Home Schooling and Sociological Perspectives - Essay Example

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Indeed, it is the case that education is one of the many – sided process of socialization that serves a general purpose of both political and economic needs. That is why schools are established in every part of our society. Nonetheless, instead of educating individuals via the conventional type of attending the formal settings of schools, home schooling has been chosen by some parents as an alternative for their child or children’s education…
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Home Schooling and Sociological Perspectives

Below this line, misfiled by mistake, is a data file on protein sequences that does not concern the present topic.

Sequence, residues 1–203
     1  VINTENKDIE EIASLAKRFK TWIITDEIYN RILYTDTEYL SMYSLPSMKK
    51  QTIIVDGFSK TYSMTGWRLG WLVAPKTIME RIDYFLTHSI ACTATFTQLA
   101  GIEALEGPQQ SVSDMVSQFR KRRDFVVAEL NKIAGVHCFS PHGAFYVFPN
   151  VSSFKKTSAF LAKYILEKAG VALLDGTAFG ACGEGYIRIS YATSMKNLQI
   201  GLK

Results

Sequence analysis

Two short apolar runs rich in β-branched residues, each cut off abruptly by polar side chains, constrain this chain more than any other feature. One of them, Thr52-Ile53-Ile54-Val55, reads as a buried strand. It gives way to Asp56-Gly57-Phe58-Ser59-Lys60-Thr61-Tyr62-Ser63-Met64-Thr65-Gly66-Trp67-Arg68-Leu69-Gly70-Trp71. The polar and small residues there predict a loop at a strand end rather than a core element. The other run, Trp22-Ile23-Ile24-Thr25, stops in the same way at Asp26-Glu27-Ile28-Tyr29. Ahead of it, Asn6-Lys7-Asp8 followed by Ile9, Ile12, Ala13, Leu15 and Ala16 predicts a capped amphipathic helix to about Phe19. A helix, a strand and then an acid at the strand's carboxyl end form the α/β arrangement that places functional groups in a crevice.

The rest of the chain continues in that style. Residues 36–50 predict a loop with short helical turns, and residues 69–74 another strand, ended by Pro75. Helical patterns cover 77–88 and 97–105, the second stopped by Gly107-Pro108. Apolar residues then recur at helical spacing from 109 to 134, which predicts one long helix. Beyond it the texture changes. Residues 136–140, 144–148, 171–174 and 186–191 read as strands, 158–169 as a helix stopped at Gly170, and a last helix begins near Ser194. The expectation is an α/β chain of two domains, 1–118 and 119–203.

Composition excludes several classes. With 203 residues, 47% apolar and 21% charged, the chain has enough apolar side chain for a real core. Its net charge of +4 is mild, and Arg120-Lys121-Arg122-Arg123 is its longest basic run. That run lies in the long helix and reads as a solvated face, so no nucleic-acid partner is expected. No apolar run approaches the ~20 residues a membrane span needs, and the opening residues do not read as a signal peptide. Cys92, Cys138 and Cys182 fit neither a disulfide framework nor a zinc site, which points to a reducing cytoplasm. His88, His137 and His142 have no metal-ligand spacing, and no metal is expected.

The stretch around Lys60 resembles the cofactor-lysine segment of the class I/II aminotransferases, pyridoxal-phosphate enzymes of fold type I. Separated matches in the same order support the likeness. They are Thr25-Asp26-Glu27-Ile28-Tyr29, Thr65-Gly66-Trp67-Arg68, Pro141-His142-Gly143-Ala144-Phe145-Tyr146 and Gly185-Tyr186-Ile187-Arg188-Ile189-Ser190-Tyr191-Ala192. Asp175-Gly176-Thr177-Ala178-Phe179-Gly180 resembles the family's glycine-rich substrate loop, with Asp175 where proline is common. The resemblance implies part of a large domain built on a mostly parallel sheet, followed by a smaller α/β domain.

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Indeed, it is the case that education is one of the many – sided process of socialization that serves a general purpose of both political and economic needs. That is why schools are established in every part of our society. Nonetheless, instead of educating individuals via the conventional type of attending the formal settings of schools, home schooling has been chosen by some parents as an alternative for their child or children’s education. In fact, this education of children at home usually by parents or even by tutors continues to gain popularity among parents in both United States and Canada (Basham, Merrifield and Hepburn, 2007). Given this, the focus of this paper is to view home schooling through the perspectives of three main sociological theories namely: functionalism, conflict theory and symbolic interactionism. Basically, the functionalist theory sees society at a macro – level orientation through perceiving such as a complex system whose elements are functioning together to promote harmony and stability (Macionis, 2010). In this regard, the functionalist approach mainly understands home schooling as advantageous for the society because it functions to serve its needs of conveying the knowledge, skills and core values to the generation of individuals who could not easily adapt to the environment of schools. The conventional type of education is flawed in a sense that generally, there is no special program which caters for the educational needs of children with disabilities, young athletes and actors or actresses, or children in family residing in isolated rural areas. While the current traditional sort of education caters for the needs of “normal” students, home schooling is extremely functional for those students who need special and individualized attention. Instead of not going to school which would be really a dysfunction of society, home schooling has turned out to be a popular alternative that has become a practical option for others who slip through the cracks of the conventional type of educational system. On the one hand, while it is likewise true that conflict theory perceives the society at large, it contradicts functionalism through suggesting that the social, political and material inequalities of a social group produce class conflict (Knapp, 1994). From the perspective of conflict theory, education serves a purpose of preserving the inequalities in the society. It is true that both functionalism and conflict theory perceive same purposes of education. However, the divergence comes from perceiving educational system as a means of maintaining the power of those who dominate the society while oppressing the others to accept their lower class position. In terms of home schooling, the conflict theory perceives such as only those disabled and other students who have the access to materials can resort to this alternative form of education. Such would also create social inequality. Hence, still, home schooling is still a form of education which would still serve a function of maintaining the existing inequalities in the society. Meanwhile, while the previous theories see society at a macro – level, the symbolic interactionism observes society at a micro level of analysis. On the whole, this perspective argues that the ability of human beings to communicate with other through symbols has accounted for the possibility of society. According to Blumer (1962), the behaviors of human are based on the meanings individual ascribed to things in which such meanings have stemmed from the interaction of an individual with the others and the rest of the society. As such, the world is experienced through a constructed reality because the meanings individuals ascribed to things are managed and altered via each individual’s interpretation (Blumer, 1962). Based on the interactionist approach, education is limited to what is directly observed in the realms of schools. That is to say, the interaction within the school does influence how the student would perceive, react and behave toward the other things depending on how they see meanings on them. In terms of home schooling, the social interaction is indeed, limited. It is the case that the size of the group has relevance in the influence of people’s interaction with one another. Having a set up where it is just the student child and the parent or the tutor means less social interaction. The learning is said to be limited only within the environment of home. As such, the constructions of reality are only based on this restricted sphere. Personally, I would only consider home schooling for my children under certain circumstances. That is following the functionalist approach. If my children need special and individualized attention like having disabilities or other situations, I would therefore resort to home schooling as a viable alternative. This is for the reason that such option would benefit not only my children, but the whole family and the society as well. However, if my children are considered “normal” students, I would still prefer the conventional type of education through the formal setting of school. This is because I take into consideration the significance of socialization in people’s lives. The larger the size of group, the more it influences the children’s thinking and behavior. References: Basham, P., Merrifield, J., and Hepburn, C.R. (2007). Home schooling: From the extreme to the mainstream (2nd eds). A Franser Institute Occasional Paper. Studies in Education Policy. Retrieved from Blumer, Herbert (1962). Society as symbolic interaction. In Arnold M. Rose. Human behavior and social process: An interactionist approach. Houghton-Mifflin.  Knapp, P. (1994). One world- many worlds: Contemporary sociological theory. Harpercollins College Div.  Macionis, G. (2010).Sociology. (7th Canadian Ed). Canada: Pearson Inc. Read More